Not too long back we hosted a very nice Dr. and his son on a walking safari. Tim, who works at a hospital in the UK brought a great bag of surgical instruments for us to distribute.
In the states and most first world countries these instruments are these days disposable – A sad commentary when so much of the rest of world go without these critical tools for health care. After boiling all the instruments for a good half hour we gave a large set to the Mpala Health Outreach Clinic pictured below. The mobile clinic helps people in our area who have no access to proper health care as well as HIV/Aids education and Family planning.
We have Lesser Kudu on Tumaren but we have only seen Greater Kudu on some of the nearby hills (recorded less than .5kms away). It is likely that Greater Kudu have crossed Tumaren as well but we have not yet seen them. On a recent trip I took the following picture of a Greater downstream on the Ewaso Nyiro River and then The Lesser I took a few kilometers from Tumaren. Seeing these images together is nice because you can more easily see the differences than you might in some guide books. The first image is the Greater. Males have a pronounced dewlap, they are generally large and bulky, have an even and overall greyer coloration, and lack the more striking white markings that the greater has on his neck.
And here is the Lesser. He is a smaller with more dramatic coloration. Lesser often are said to have more stripes but this characteristic is not needed for ID. Habitat is usually the best way to narrow it down quickly, Lesser preferring flatter dryer, hotter places while greater prefer more rugged hillside type habitat.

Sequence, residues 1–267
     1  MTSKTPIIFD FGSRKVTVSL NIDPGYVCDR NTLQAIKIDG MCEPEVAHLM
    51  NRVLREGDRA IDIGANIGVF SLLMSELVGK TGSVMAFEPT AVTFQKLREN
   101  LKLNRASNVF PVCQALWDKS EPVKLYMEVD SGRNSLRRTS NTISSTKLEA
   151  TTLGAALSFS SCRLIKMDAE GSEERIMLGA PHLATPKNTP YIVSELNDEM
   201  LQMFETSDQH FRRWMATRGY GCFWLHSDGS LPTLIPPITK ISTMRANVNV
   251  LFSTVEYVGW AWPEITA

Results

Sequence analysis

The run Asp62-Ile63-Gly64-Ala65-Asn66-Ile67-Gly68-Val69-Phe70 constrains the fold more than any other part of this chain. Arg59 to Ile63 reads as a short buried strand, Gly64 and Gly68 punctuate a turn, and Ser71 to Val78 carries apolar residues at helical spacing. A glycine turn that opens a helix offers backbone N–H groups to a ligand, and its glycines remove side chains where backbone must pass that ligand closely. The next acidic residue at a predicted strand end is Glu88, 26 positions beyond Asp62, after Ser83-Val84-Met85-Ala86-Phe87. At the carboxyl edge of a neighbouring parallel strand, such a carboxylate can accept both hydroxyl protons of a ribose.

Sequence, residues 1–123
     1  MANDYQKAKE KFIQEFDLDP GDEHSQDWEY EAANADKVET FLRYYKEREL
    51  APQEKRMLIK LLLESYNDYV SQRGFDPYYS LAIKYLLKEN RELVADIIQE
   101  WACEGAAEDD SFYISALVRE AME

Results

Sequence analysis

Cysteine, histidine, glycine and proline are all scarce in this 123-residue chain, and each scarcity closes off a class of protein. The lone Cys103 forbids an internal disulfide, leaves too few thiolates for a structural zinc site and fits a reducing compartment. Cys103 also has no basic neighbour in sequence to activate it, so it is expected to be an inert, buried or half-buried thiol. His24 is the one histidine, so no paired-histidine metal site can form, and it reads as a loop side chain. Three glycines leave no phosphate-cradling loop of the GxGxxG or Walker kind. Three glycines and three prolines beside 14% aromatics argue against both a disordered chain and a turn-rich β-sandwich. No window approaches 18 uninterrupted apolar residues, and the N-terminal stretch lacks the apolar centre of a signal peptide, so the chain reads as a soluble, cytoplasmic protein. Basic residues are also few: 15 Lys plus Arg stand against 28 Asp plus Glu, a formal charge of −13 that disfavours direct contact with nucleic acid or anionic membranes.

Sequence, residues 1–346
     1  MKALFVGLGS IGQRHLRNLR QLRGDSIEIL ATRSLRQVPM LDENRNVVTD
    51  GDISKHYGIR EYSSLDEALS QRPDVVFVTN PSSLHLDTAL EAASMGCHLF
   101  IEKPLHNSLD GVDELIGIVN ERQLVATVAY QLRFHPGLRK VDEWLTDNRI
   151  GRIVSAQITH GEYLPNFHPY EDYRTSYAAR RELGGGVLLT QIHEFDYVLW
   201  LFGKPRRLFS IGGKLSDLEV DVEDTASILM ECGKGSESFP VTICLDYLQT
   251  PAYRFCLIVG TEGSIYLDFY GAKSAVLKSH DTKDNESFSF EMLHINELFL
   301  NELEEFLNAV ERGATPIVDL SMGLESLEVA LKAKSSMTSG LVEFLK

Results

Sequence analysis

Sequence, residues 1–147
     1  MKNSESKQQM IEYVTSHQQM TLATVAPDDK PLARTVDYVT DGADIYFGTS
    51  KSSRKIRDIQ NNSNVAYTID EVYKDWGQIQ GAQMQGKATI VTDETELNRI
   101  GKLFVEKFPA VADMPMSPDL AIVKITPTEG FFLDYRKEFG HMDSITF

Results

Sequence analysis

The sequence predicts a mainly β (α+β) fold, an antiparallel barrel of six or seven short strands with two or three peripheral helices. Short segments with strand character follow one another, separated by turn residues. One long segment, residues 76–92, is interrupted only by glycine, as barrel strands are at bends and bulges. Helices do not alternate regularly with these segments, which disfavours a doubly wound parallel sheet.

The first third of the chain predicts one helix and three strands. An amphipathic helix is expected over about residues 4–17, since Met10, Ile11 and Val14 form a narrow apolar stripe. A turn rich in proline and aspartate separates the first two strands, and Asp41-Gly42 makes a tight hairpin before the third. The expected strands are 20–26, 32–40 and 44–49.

I found this fellow a few months back on a walking safari down the Ewaso Nyiro River and forgot to post his handsome mug. Have a look at his ears. He has clearly being fighting with another. Bush babies are prosimians (which is latin for split nose). They are primates and like lemurs shared a common ancestor with humans in the not so distant past.
Caught this adult Bat-eared Fox in the camera a while back. You can really see the size of his insect probing ears. What you cant see is a set of exceptional jaw muscles capable of extremely rapid bug chomping (i think i remember that they set some kind of chomping speed record in the mammal world but know i cant remember).
Solifugids aren’t from hell folks, it just makes a catchy headline. The other day this guy (2.5″ across) roared into our tent. Solifugids or Sun Spiders as they are commonly called move at high speed. They are nocturnal predators of small insects (this post is in the insect category but i realize that solifugids are not insects but arachnids) and when this fellow came into our tent he was likely hunting under the plastic ground fly. Read more about what these guys are all about on Wikipedia below: